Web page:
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Ski Resort Life

Vermont’s Burke Mountain: Big Plans in the Works

With economy rebounding, owner Ginn wades back in with redevelopment plan—and hires architect who knows the place well.

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Forgive Northern Vermont skiers for not wanting to share Burke Mountain with the rest of the world. For those in the know, it has long been a secret powder stash. Sure, you might spend an extra 45 minutes getting to Vermont’s beautiful Northeast Kingdom. But the terrain is excellent and liftlines are non-existent, so while the big resorts track out in a couple hours, Burke offers freshies long into the day and even days after a storm.

The ski area, home to the famous Burke Mountain Academy (whose latest product, 16-year-old Mikaela Shiffrin, is taking the World Cup by storm) was purchased by Florida-based Ginn Companies in 2005, following a near-death experience in which the academy was forced to step in as a buyer to save the mountain from extinction.  Ginn, developer of vacation real estate ventures across the nation, with a focus on golf and seaside resorts, seemed out place and out of its element in tiny East Burke (population  1,600). Many locals fretted over initial plans for a “gated community” with hundreds of luxury residences. The economy put those plans on hold, but now it appears that Ginn is ready to invest again.

Already in place are a new high speed lift to the summit (apparently the legendary Poma lift on Warren’s Way, though plenty high-speed, wasn’t high-end enough) and a summit wind turbine to offset energy needs responsibly. Then just before Christmas Burke announced preliminary plans for Camber Heights, a new neighborhood of sustainably built luxury homes near the base of the new lift.

The good news is that the architect promises to take a sustainable approach to the project and to work in the “Vermont vernacular,” so the homes don’t look jarringly out of place. And as it happens, that same architect, J.B. Clancy of Albert, Righter & Tittmann, is himself a product of Burke Academy. So presumably he has an appreciation for what makes Burke Mountain and the Northeast Kingdom special. Anyway, it’s always good to have a real skier on the case.

Here are the details on the plan from the Dec. 20 press release from Burke:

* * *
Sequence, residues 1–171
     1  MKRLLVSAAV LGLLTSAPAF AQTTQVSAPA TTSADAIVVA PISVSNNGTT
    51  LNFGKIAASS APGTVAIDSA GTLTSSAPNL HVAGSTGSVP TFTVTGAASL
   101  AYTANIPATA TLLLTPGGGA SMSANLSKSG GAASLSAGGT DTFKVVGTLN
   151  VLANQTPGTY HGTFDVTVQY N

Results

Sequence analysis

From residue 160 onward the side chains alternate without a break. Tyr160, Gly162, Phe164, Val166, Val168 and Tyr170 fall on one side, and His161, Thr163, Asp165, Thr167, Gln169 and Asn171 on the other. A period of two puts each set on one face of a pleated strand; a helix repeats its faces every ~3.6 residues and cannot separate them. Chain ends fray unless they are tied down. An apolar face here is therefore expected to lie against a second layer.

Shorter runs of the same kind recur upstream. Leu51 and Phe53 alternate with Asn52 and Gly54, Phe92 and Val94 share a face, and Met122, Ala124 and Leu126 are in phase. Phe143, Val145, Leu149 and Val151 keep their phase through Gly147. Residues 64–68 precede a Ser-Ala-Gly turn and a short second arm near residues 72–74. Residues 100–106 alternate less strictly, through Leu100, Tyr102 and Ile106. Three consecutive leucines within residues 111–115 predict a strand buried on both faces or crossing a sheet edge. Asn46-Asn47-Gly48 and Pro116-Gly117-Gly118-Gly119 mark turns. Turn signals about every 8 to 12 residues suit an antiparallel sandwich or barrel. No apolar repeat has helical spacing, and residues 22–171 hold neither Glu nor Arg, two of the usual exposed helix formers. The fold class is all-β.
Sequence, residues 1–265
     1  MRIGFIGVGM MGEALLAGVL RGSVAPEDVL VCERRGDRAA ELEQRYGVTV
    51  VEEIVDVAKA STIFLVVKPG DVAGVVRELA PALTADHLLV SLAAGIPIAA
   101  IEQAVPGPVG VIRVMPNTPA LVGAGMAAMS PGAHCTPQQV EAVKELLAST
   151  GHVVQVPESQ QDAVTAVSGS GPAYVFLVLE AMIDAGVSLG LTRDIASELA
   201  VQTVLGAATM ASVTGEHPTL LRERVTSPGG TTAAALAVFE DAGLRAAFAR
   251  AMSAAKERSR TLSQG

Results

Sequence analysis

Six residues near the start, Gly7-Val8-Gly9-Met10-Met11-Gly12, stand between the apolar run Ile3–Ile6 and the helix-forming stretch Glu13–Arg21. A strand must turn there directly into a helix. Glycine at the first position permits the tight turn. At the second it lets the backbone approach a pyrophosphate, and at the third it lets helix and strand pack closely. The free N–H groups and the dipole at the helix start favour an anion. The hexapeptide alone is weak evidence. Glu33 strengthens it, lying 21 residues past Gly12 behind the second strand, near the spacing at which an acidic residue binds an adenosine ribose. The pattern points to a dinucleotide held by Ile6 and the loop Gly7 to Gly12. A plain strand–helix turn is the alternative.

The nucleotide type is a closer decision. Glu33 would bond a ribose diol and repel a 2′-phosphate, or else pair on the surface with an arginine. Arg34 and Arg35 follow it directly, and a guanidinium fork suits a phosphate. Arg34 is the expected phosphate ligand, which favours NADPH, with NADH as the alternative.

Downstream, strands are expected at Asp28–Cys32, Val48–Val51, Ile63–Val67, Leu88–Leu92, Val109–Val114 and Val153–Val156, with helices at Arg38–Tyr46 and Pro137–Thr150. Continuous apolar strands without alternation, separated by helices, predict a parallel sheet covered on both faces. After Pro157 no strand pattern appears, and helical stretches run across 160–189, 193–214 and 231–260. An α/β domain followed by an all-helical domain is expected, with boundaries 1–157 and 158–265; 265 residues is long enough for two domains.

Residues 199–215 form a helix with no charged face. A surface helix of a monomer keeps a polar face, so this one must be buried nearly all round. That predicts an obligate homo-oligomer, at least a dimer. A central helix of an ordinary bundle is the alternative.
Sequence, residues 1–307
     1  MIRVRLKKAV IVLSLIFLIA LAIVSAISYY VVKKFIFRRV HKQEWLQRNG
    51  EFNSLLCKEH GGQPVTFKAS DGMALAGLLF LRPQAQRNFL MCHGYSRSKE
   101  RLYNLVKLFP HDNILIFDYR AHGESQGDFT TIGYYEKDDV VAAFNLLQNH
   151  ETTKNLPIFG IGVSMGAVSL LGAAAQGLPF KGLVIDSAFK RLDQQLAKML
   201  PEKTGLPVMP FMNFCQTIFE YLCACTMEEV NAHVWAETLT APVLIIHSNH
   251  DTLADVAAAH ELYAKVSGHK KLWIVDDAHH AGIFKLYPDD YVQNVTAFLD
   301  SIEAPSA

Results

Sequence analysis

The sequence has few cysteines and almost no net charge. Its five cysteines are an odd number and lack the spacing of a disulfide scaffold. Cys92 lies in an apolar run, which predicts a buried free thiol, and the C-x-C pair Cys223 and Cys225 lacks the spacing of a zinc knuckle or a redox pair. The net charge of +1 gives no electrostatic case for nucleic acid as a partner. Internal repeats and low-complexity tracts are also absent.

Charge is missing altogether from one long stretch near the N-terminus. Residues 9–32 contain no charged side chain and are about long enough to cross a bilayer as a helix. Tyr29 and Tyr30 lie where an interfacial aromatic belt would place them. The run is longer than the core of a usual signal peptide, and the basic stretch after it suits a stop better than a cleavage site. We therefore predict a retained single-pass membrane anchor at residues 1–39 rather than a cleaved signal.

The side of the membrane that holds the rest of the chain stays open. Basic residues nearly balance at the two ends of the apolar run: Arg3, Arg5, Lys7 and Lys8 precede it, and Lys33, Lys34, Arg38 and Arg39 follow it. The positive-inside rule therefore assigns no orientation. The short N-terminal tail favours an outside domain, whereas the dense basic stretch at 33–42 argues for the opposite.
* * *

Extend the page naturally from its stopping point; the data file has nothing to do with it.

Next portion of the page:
First New Community in Over a Decade Preserves True Vermont Experience, Showcasing Smart, Highly Efficient Homes

EAST BURKE, VERMONT (Dec. 20, 2011) – Carving a new thoughtful approach for the building of slopeside resort communities, Burke Mountain ( is unveiling preliminary plans for Camber Heights, an on- mountain, low-density residential community at the base of the new Mid Burke Express lift. This plan includes single-family homes that will be released and built in very limited quantities, based on market demand. The community incorporates stringent energy efficiencies and a number of innovative smart home features, differentiating these homes from other New England resort properties. Burke is in the final stages of permitting and plans to have homes available for sale later this winter.

“We are establishing a new standard for the resort ownership experience that embraces modern convenience and is rooted in a relaxed simplicity,” said Tim McGuire, president and general manager of Burke Mountain. “Right now, there are no other New England ski resorts introducing communities with this character. Based at one of the most desirable locations on the mountain, these homes have views of Willoughby Gap, across the Meadow at Burke, and toward the gladed terrain of the upper mountain. Camber Heights has ideal access to both the lower mountain cruisers and upper mountain expert terrain.”

As part of its overall commitment to sensible operations and planning, including the recent addition of a wind tower to offset energy consumption, Burke Mountain plans to incorporate as many intelligent home design and construction techniques into each residence as possible. Features include Wi-Fi- controlled thermostats, automated lighting in closets and corridors, best- in- class insulation, panoramic windows, low volatile organic compounds (VOC) paints, and natural finishing materials. Homes are designed to achieve Energy Star and LEED certification, which will result in a reduced footprint, lower operating costs and an overall sensible approach to living at Camber Heights.

Burke is working with architect J.B. Clancy of Albert, Righter & Tittmann, a firm known for its work in sustainability and passive housing. Inspired by Vermont style farmhouses and barns with simple building exteriors, each home incorporates striking designs and arrangement of windows, doors, and skylights and several other modern twists. “All homes will include a thoughtfully designed mudroom and ski storage,” said Clancy. “Since every one of these slopeside homes features convenient trail access, it is only fitting that the convenience continues when homeowners enter.”

As an alum of Burke Mountain Academy, from where over 50 Olympians once trained, Clancy has a true appreciation for the Mid Burke location, the Vermont vernacular and the need for smart homes that suit the mountain family.

Those who wish to purchase in Camber Heights may take advantage of Burke’s “Inside Track” program, beginning mid winter.

About Burke Mountain: Located in the heart of Vermont’s Northeast Kingdom, Burke, with over 260 acres of skiing and riding, has an elevation of 3267 ft., 2011 ft. of vertical, and 50 natural trails including more than 110 acres of glades. Burke is home to Burke Mountain Academy, an internationally-acclaimed ski focused boarding school, offering a college preparatory curriculum, sending many students to compete in the Olympics and other national and international competitions.